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Britain's freezing renters to get relief at landlords' expense
[LONDON] Tenants shivering their way through another cold British winter are set to get some relief, at the expense of their landlords.
Owners of privately rented homes in England and Wales will be required to upgrade properties with the lowest energy efficiency ratings of F or G next year before they can be put on the market, according to a statement by U.K. Energy and Clean Growth Minister Claire Perry. The measures come into force next year.
Upgrades may include installing floor insulation, low energy lighting or increasing loft insulation, and are expected to cost the landlords about 1,200 pounds (S$2,146) on average. If the expense exceeds 3,500 pounds, landlords will be able to seek an exemption. Tenants are expected to save an average of 180 pounds a year.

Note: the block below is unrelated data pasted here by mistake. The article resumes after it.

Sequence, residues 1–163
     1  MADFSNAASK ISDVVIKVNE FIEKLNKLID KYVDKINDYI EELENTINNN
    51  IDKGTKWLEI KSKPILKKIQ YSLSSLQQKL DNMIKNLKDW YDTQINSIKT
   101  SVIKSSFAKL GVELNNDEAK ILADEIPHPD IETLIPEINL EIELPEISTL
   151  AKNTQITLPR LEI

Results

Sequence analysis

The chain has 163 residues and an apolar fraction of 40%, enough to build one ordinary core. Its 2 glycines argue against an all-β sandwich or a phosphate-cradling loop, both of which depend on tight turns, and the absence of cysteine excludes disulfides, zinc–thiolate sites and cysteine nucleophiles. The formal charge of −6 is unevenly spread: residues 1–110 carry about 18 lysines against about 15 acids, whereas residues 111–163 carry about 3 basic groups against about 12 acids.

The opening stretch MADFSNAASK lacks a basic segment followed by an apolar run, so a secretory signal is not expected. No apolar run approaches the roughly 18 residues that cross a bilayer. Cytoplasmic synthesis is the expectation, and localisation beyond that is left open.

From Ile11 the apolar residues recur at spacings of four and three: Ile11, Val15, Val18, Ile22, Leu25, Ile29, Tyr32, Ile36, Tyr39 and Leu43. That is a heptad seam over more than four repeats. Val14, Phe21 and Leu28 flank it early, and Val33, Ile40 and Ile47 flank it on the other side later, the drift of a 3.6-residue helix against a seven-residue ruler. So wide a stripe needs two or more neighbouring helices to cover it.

"While the vast majority of landlords take great pride in the properties they own, a minority still rent out housing that is difficult to keep warm," Perry said. "Upgrading these homes so they are more energy efficient is one of the most effective ways to tackle fuel poverty and help bring down bills for their tenants."
The measures, which will affect an estimated 290,000 properties or around 6 per cent of the market, will also help reduce carbon emissions and potentially increase property values, according to the statement.